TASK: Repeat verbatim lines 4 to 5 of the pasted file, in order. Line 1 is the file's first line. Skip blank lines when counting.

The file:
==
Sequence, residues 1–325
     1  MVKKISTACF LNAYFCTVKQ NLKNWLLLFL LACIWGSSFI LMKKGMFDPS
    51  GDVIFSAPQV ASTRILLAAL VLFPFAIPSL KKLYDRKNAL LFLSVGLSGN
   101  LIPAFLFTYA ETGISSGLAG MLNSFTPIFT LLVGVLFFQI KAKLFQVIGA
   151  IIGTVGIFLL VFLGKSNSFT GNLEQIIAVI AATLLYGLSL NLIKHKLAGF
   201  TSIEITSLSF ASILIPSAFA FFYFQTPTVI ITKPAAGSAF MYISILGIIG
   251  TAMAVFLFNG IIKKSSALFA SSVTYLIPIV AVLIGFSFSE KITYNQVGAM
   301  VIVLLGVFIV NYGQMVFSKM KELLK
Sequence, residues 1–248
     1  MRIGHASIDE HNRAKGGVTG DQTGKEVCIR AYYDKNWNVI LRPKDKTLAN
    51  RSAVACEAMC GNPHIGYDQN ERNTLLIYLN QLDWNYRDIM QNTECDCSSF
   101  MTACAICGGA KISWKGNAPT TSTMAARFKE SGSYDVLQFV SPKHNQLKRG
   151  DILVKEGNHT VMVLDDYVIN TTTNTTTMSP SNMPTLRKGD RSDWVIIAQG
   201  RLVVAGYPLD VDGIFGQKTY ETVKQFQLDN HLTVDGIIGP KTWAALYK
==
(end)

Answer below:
   101  LIPAFLFTYA ETGISSGLAG MLNSFTPIFT LLVGVLFFQI KAKLFQVIGA
   151  IIGTVGIFLL VFLGKSNSFT GNLEQIIAVI AATLLYGLSL NLIKHKLAGF